A majority of patients with hemophilia B avoided joint bleeds after receiving gene therapy.
Researchers recently reported positive findings from a phase 1/2 clinical trial investigating gene therapy in patients with hemophilia B, according to a study published by the New England Journal of Medicine.
The study showed that patients were able to produce stable levels of a clotting factor following a single infusion of the gene therapy.
“A one-time therapy sufficient to prevent bleeding without further medical intervention is the ideal treatment goal for patients with hemophilia,” said lead investigator Lindsey A. George, MD. “This cohort of 10 patients all safely experienced sustained clinical benefit after 1 infusion.”
The authors also reported that patients were able to stop prophylactic therapy with infusions of manufactured clotting factors.
Patients with hemophilia B have low levels of clotting factor IX due to a genetic mutation. Since these patients are unable to clot, bleeding events can be life-threatening.
“People who live with hemophilia face a lifelong need for vigilant monitoring and recurrent factor concentrate infusions to prevent spontaneous, potentially life-threatening bleeds and to protect their joints,” said senior author Katherine High, MD. “The discipline required to execute the usual prophylactic regimen can exact a heavy toll on quality of life that most people take for granted, and those regimens result in significant costs to patients, families and the health care system.”
Included in the study were 10 male patients with hemophilia B. The researchers used Factor IX-Padua (FIX-Padua), which is 8 to 10 times stronger than a normal factor, according to the study. For hemophilia gene therapy, the researchers delivered a corrective gene to the patient in order to increase therapeutic levels of the clotting factor.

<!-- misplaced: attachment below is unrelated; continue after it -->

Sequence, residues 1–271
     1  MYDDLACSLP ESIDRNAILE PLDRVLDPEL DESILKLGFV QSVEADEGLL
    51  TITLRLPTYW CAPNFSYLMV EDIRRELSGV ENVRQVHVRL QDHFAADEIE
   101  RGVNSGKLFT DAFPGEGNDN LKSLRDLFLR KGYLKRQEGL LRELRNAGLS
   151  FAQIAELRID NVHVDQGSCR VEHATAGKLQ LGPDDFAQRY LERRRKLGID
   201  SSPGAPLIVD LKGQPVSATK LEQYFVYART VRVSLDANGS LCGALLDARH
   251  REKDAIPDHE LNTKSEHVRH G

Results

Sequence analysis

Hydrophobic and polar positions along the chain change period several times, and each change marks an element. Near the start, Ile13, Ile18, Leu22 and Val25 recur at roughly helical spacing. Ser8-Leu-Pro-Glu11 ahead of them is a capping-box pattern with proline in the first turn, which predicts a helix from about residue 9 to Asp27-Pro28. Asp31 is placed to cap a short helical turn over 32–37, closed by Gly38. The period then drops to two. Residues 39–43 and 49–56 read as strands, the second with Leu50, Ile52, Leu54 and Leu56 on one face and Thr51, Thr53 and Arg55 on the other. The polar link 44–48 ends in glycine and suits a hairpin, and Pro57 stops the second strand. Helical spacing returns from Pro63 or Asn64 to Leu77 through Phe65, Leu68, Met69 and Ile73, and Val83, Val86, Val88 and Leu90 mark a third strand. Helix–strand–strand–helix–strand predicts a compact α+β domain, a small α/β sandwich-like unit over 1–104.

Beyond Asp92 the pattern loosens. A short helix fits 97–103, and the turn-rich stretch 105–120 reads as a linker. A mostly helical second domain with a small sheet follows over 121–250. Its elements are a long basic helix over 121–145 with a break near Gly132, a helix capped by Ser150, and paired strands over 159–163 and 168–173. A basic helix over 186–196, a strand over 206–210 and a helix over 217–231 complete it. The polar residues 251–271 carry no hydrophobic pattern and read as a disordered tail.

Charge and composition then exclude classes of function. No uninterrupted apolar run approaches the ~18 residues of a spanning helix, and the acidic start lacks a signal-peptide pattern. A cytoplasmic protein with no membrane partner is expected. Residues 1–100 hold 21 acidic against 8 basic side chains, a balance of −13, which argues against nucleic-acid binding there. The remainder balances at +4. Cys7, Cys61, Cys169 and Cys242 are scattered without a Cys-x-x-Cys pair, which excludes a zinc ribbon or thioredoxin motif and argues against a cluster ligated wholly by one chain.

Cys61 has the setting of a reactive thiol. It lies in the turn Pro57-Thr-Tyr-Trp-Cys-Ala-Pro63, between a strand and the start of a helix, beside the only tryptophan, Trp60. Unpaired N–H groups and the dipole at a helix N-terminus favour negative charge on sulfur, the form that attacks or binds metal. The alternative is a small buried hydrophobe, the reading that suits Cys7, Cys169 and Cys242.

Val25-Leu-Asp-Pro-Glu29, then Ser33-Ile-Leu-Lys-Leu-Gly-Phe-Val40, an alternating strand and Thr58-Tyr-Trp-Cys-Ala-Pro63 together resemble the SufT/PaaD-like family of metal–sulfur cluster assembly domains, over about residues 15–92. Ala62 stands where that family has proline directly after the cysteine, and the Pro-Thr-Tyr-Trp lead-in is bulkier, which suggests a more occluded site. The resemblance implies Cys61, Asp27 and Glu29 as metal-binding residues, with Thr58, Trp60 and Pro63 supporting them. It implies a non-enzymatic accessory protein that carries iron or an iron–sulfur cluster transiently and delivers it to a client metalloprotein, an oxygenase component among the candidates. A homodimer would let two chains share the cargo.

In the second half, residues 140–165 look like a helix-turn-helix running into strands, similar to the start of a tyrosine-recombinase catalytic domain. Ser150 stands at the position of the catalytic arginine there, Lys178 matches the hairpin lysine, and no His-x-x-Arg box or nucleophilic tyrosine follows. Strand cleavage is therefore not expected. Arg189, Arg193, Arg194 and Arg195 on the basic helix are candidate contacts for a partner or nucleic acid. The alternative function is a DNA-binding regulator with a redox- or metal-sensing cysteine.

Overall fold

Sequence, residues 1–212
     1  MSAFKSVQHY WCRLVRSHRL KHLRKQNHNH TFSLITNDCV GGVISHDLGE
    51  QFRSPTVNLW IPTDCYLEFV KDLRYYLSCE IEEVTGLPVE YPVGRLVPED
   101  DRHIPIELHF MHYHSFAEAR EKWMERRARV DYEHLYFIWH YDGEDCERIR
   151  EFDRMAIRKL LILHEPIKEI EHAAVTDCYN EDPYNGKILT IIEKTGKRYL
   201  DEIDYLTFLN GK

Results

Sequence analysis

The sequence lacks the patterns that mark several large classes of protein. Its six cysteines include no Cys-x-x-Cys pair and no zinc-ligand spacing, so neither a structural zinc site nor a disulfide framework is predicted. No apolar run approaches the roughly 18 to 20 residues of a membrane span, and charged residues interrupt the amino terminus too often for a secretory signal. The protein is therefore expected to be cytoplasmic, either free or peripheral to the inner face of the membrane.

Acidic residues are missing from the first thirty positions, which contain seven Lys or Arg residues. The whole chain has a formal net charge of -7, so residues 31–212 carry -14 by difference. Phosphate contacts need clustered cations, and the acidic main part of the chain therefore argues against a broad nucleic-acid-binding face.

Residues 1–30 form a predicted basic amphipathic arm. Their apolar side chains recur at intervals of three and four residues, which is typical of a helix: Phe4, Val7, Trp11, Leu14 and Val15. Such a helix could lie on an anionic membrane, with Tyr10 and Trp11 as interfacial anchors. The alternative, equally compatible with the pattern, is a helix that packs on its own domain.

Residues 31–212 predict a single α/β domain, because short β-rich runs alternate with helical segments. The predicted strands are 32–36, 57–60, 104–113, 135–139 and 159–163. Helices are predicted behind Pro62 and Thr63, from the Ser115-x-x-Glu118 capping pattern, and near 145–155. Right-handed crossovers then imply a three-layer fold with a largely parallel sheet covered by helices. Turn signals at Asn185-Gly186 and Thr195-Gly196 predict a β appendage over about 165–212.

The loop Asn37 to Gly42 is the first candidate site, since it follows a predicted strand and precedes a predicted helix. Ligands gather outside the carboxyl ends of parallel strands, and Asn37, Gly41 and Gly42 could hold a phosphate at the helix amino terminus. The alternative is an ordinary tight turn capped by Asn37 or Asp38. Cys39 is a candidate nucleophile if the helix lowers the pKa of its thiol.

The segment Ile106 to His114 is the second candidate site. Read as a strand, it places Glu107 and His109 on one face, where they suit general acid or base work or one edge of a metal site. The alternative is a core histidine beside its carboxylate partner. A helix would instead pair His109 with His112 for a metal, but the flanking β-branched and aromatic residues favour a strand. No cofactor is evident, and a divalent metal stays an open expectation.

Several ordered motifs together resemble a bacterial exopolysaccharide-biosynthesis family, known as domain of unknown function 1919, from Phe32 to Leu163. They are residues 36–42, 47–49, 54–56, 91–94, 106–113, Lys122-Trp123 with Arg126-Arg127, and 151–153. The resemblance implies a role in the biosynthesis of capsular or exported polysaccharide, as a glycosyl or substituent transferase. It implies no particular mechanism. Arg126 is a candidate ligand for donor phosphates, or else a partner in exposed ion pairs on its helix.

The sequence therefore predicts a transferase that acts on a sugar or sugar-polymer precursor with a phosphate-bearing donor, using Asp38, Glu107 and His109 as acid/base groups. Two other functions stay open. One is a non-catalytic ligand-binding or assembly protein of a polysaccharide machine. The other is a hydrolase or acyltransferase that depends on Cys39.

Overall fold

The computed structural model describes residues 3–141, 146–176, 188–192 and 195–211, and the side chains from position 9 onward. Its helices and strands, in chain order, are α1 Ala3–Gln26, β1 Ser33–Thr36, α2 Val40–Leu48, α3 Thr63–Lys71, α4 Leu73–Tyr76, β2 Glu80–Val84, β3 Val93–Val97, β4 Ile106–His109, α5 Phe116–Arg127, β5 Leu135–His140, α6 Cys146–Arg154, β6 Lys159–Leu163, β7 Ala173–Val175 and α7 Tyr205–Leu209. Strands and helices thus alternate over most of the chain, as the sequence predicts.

The authors said that preclinical animal studies showed that the gene therapy cured the disease; however, previous human trials resulted in an immune response due to high doses of the clotting factor. In the new trial, the authors used FIX-Padua to take advantage of its potency.
The authors discovered that patients achieved factor levels of 33%, which lessened their disease severity and mitigated bleeding events, according to the study.
Patients were able to avoid experiencing painful joint bleeds, which previously occurred when clotting levels dropped due to fluctuations after traditional treatment, according to the study.
These positive results were sustained for up to 78 weeks, according to the authors.
Notably, none of the patients experienced serious adverse events. The authors found that 8 patients did not require additional factor treatments and 9 did not experience bleeds after receiving the gene therapy, according to the study. One patient who had to be treated with the factor had significant joint damage, but they required 91% less factor after the gene therapy compared with baseline.
These results suggest that the gene therapy could be effective for patients with hemophilia, but additional studies are needed.
“We look forward to continuing the development of this therapy in a Phase 3 trial,” Dr George said. “I am optimistic this study is just the beginning of a true paradigm shift in the treatment of hemophilia.”